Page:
Sara Mbago-Bhunu, ECDPM Great Insights magazine, Volume 10, Issue 2
Food systems can reduce inequality and sustain livelihoods for millions of people, but only if we produce food within our planet’s boundaries, make the right investments and create an inclusive and enabling environment for small-scale farmers in the agricultural sector.
The world is currently facing a triple crisis of hunger, climate change and energy access. Hunger has been rising for several years. In 2020 alone, 768 million people went to bed hungry. The situation was already dire before the COVID-19 pandemic, due to conflict and climate change. The additional stress of the global health emergency has magnified the vulnerability of our food systems and pushed millions more into hunger.
The majority of small-scale farmers in Africa rely on rainfed production, despite low levels of productivity. The devastating impact of climate change on these producers’ activities is a growing concern globally. As weather conditions become more variable and droughts, floods and cyclones grow increasingly frequent, farmers are less and less assured of a harvest. In addition, the environmental footprint of agriculture, and food systems more broadly, is now an urgent concern.
There has been progress in the energy sector, especially in the domain of renewables. However, the goal of energy access for all remains elusive. In sub-Saharan Africa, 570 million people lack electricity, and 900 million people lack access to clean cooking facilities (IREA 2021). Challenges related to the energy sector cost Africa an estimated 2-4 percent of its annual gross domestic product (GDP). This undermines sustainable economic growth, job creation, investments, well-being and health.
Traditionally, investments in agriculture have been driven mainly by public and bilateral actors. Over the last decade, we have seen substantial change in the sustainable development finance landscape. There are more types of financing instruments available. We now have crowdfunding, bonds, loans, guarantee schemes, equity schemes, challenge funds, grants, incubators, accelerators, carbon markets and payment for environmental services.
These days, there is also a wider range of investors funding agriculture, including multilateral and international financial institutions, the private sector, impact investors and philanthropists. The private sector plays a dual role in the agrifood system: as an investor and as an operator. Private sector actors manage the bulk of storage facilities, warehouses, cold chains and logistics. These are key in facilitating the movement of products from farms to markets. As an investor, the private sector provides some US $15 billion annually for the Global South. This finance can de-risk investments in agricultural innovation and make sustainable development finance more accessible to small-scale farmers.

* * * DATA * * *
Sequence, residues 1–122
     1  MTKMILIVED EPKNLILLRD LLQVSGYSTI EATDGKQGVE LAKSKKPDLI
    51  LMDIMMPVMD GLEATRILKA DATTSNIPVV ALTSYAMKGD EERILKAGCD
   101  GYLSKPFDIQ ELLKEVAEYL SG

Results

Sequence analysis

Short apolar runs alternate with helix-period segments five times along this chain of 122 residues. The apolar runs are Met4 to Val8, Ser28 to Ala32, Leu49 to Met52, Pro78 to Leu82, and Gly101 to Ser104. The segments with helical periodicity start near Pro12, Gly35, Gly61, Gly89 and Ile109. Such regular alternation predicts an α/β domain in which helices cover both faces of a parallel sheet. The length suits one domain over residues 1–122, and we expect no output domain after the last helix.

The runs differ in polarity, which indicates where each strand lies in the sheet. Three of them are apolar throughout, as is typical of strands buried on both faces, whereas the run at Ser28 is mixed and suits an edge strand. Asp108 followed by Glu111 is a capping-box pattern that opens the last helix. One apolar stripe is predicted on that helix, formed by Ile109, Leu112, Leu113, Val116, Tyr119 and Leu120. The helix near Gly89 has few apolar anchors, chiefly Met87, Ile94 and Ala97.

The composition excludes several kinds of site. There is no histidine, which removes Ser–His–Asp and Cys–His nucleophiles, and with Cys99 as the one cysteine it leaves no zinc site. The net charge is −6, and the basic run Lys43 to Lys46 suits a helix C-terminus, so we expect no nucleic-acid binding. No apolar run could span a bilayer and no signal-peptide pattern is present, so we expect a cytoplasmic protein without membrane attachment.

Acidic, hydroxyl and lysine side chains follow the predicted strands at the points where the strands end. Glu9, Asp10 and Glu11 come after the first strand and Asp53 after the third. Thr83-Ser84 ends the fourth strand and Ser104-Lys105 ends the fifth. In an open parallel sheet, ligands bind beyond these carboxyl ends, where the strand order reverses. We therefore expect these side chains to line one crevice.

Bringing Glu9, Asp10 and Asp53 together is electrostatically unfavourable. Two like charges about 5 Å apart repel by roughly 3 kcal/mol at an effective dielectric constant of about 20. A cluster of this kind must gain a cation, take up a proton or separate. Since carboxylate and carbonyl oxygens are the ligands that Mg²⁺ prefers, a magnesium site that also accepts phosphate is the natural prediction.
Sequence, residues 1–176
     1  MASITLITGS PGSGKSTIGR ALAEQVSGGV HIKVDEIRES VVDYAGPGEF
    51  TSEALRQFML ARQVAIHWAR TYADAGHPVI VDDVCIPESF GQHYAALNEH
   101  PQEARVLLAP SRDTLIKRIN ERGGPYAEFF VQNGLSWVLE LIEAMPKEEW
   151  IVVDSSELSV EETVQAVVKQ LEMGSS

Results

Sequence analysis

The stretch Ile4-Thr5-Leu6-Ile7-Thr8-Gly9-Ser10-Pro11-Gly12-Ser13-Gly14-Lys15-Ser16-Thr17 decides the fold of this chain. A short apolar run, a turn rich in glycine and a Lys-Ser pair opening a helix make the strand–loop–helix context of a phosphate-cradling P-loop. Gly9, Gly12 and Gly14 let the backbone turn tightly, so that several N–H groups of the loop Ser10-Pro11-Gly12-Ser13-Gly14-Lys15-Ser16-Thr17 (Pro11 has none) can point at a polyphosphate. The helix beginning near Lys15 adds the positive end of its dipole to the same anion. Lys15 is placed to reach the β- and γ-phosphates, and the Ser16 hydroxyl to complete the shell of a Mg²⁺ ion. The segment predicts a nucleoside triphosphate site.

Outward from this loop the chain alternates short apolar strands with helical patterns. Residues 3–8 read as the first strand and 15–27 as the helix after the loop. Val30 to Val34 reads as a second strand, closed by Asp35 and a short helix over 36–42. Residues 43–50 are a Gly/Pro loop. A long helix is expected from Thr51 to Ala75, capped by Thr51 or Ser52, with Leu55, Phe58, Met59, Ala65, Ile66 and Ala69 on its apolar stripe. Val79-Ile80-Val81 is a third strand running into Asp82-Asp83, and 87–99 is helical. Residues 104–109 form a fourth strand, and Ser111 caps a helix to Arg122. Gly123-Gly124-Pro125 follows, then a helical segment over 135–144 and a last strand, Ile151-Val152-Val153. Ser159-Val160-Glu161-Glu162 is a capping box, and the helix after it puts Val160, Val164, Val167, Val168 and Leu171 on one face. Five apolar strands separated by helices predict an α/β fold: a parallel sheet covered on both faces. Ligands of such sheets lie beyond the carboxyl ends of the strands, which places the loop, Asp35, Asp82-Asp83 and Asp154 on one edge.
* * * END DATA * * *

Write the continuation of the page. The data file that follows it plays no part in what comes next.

The COVID-19 pandemic has demonstrated the vulnerability of our food systems to disruptions of supply and distribution chains, closures of markets and the emergence of transboundary pests and diseases. The pandemic has underscored how constrained the agricultural sector remains by the agency limited capital available to it. It also offers investors in the sector an opportunity to redefine how, in what and where they invest.
There are several paths forward to take advantage of the opportunity in front of us and reset food systems.
Agriculture and food systems have the potential to lift millions of people out of poverty. But our current food systems are failing us. We need to transform them, to create decent jobs and provide inclusive and equitable livelihoods. With concerted action, we can reset food systems to make healthy diets affordable to the people who work within food systems and agriculture.
To achieve this, the upcoming United Nations Food Systems Summit and COP26 need to define game-changing solutions that are action-oriented and that enable us to produce food within planetary boundaries. For Africa, we need to localise food systems and rebalance agency in them, putting the voices of small-scale farmers at the heart of the transformation and regoverning markets to ensure decent jobs in readiness for the Africa Continental Free Trade Area.
About the author
Sara Mbago-Bhunu is the Director of the Eastern and Southern Africa Division of the International Fund for Agricultural Development (IFAD). Mbago-Bhunu holds a Masters in Business Administration from Maastricht School of Management, Netherlands, and a BSc in Agricultural Economics from the University of Reading, United Kingdom.
This article is published in Great Insights Volume 10, Issue 2